Harry Gordon Selfridge has never been a man to live a simple life. He’s the Earl of Oxford Street after all. But for someone who’s worked so hard to build up a successful empire, he’s sure had some crummy luck. If we look back at the last three series of Mr Selfridge, things were going wrong for Harry way before his wife died. However, Rose’s untimely demise was the catalyst for the mogul’s continuing downward spiral, which seems to be at the forefront as we begin the fourth, and final, series of the department store period drama.
In last night’s premiere episode, Harry’s life of excess is finally catching up with him. The exuberant boss looks haggard; there are bags under his eyes, his hair is noticeably greyer and he’s lost his trademark showman spirit. Though he’s doing his best to cover it, Harry is a shell of his former self, made all the more obvious by the return of Katherine Kelly’s Mae, who seems to be the only one willing to question her friend’s spiralling life.
I hadn’t realised how much I’d missed Mae until she sauntered in with her withering looks and disinterested manner. The years have changed her, as they have every other character, but she seems to be humbled by her altered status, ready to have one last ditch attempt at redeeming her social standing. Harry wants to help but Mae is wary of putting her future in his hands, and rightly so when he spends most of his time gambling away his hard earned money.
There’s a surprising undertone of romance building between Harry and Mae, something that’s never been explored before but feels like a natural progression. Could the pair, who have fallen and risen too many times to count, be each other’s saviours? Only time and the remaining 9 episodes will tell.Away from Harry and Mae, the other characters have evolved. It’s been nine years since we last saw them and the world has moved on. The Roaring Twenties have healed most of the scars left by WW1 and the supporting cast are looking better than ever. Though she’s mentioned a fair bit, Miss Mardle is absent from the episode, having gone to work in New York. She’s left behind Mr Grove, who’s still pining over his beloved Josie and struggling as a single father. Thank goodness he still has reliable Crabb to keep him company (the brief scene of them fishing is a genteel delight).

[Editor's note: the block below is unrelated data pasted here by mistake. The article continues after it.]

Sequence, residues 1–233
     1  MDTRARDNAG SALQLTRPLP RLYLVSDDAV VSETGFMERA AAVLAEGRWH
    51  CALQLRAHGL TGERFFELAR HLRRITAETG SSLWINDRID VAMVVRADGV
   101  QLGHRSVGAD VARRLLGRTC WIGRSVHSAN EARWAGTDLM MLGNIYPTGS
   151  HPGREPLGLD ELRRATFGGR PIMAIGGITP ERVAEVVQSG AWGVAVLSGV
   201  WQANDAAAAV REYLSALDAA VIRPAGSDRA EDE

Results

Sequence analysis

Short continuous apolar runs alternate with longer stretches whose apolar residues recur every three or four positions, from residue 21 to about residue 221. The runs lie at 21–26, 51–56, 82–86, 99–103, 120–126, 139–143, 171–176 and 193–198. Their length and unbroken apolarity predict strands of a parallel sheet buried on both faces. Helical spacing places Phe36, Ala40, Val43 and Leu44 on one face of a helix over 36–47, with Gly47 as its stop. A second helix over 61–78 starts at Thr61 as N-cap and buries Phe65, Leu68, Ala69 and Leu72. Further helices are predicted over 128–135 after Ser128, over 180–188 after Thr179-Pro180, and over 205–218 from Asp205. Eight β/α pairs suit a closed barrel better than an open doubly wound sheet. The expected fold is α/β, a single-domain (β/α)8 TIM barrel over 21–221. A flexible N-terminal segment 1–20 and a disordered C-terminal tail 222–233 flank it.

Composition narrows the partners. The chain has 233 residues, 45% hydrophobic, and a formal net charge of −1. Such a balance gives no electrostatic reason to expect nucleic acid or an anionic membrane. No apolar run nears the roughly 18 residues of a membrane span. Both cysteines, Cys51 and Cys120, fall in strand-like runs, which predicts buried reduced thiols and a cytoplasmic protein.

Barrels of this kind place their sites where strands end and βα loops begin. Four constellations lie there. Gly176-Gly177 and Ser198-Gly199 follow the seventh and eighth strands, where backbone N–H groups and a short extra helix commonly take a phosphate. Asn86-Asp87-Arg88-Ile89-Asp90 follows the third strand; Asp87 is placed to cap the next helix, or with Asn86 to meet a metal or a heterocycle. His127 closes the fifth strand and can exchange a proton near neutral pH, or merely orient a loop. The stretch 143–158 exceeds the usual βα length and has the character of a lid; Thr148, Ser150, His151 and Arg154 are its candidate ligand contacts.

We check in with all the returning characters over the course of the episode; Victor, George, Connie, Kitty, Frank, Gordon, Grace and Rosalie, but it’s the new characters that pose the biggest threat to Harry’s already wobbly world. Sacha Dhawan’s cocky Jimmy Dillon has already made his dubious presence known, whilst the fun-loving Dolly Sisters (both of whom had liaisons with the real life Selfridge) spell instant trouble. These newcomers have their own agendas and they’re likely to contribute to bringing the Earl of Oxford Street down.
“These are the best of times”, Harry says to Grove, but the lack of conviction in his voice says otherwise. There’s a subdued feel to this first episode, a suggestion that Harry is teetering on the edge, which by the end he quite literally is. It might be a slow start but it sets the dark tone that promises to see the popular series out with a bang. Roll on next week.